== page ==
The Supreme Court of the United Kingdom decided on Wednesday that the government’s plan to transfer asylum seekers to Rwanda was illegal, striking Prime Minister Rishi Sunak a severe defeat ahead of an election next year.
Sunak said he was working on a new treaty with Rwanda and that if it did not address the problem, he would establish new laws and reconsider any international treaties that hampered his goals.
In order to prevent migrants crossing the Channel from Europe in tiny boats, Britain planned to transfer tens of thousands of asylum seekers who arrived on British beaches without authorization to the East African country under the proposal.
But the top court on Wednesday unanimously ruled that Rwanda could not be considered a safe third country, delighting opponents who said the policy was unworkable and cruel, and infuriating those on the right wing of Sunak’s Conservative Party.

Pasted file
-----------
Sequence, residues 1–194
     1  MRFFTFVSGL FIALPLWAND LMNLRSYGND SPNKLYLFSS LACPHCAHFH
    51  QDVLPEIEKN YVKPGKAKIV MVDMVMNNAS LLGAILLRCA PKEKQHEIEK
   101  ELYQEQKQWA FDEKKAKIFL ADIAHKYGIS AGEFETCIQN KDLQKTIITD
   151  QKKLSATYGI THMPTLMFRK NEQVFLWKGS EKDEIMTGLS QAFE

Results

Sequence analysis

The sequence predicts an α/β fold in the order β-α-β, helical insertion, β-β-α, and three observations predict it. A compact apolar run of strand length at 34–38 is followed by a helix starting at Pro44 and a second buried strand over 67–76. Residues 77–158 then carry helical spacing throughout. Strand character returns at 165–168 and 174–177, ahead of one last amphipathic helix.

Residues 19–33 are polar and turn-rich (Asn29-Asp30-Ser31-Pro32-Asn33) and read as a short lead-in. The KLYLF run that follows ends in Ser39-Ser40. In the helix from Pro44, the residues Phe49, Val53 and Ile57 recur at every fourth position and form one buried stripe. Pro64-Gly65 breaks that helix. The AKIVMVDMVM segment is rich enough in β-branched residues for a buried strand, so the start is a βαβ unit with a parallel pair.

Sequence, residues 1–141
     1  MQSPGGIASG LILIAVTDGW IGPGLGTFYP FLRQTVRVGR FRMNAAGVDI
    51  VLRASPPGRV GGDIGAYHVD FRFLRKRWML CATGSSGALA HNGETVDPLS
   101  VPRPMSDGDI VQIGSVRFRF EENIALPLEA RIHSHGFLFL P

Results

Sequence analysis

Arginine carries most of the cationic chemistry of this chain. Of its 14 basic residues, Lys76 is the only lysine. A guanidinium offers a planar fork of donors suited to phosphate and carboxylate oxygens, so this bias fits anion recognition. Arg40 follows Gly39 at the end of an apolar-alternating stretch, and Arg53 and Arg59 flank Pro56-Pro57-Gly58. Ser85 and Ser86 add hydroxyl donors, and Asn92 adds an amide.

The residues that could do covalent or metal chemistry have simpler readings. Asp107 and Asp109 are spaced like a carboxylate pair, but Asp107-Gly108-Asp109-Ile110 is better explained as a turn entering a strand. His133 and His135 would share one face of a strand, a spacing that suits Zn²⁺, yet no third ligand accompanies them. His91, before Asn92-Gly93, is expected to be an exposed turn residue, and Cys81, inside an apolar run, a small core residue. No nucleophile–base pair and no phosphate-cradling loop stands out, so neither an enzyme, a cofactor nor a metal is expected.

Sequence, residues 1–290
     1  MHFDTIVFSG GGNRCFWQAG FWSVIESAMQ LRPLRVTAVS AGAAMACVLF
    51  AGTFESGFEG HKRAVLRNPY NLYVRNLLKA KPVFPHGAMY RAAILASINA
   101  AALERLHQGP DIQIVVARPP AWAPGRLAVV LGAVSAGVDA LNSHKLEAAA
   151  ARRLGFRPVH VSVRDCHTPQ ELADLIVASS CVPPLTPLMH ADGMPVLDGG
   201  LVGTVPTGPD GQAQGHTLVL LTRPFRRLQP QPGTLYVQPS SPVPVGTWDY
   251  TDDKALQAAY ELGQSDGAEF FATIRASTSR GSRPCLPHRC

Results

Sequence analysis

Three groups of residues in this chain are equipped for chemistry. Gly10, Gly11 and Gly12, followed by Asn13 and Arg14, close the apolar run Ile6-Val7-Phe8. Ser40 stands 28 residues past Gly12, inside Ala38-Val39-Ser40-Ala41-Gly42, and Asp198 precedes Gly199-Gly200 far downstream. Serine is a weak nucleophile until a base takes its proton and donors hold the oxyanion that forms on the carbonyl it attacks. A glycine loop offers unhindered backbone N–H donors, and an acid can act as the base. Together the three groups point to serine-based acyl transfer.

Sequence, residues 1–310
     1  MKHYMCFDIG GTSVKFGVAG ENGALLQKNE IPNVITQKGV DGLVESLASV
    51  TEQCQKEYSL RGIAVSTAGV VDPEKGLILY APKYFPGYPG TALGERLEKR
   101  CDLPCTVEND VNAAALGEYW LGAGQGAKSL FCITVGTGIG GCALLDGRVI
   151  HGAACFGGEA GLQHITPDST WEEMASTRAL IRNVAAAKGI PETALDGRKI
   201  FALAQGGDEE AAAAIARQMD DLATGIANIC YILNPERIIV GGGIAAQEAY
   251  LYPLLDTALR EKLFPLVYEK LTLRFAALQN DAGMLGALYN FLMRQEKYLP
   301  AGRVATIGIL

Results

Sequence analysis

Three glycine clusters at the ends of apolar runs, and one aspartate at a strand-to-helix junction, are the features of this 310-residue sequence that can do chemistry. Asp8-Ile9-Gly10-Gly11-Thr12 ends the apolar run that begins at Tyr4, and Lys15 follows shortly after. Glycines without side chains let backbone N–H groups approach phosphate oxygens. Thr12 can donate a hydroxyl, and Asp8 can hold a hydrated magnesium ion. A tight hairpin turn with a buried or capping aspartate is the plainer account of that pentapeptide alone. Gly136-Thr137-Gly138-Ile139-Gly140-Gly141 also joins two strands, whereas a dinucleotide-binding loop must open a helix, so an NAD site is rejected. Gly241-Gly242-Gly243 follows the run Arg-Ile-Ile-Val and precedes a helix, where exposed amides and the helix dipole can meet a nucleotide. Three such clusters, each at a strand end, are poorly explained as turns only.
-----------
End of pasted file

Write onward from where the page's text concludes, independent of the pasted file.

Sunak, whose party is trailing by some 20 points in opinion polls, signalled to those angry lawmakers that Britain could potentially leave the European Convention on Human Rights (ECHR) and other such treaties as some have demanded.
“If it becomes clear that our domestic legal frameworks or international conventions are still frustrating plans at that point, I am prepared to change our laws and revisit those international relationships,” Sunak told parliament.
“The British people expect us to do whatever it takes to stop the boats.”
The Rwanda scheme has been the central plank of Sunak’s immigration policy as he prepares to face an election next year, amid rising concern among some voters about the numbers of asylum seekers from Europe.
The ruling had taken on even greater political significance after Sunak on Monday sacked Interior Minister Suella Braverman, a popular figure on his party’s right whose remit included dealing with immigration.
She launched a scathing attack on Sunak on Tuesday, saying he had broken promises on tackling immigration and betrayed the British people.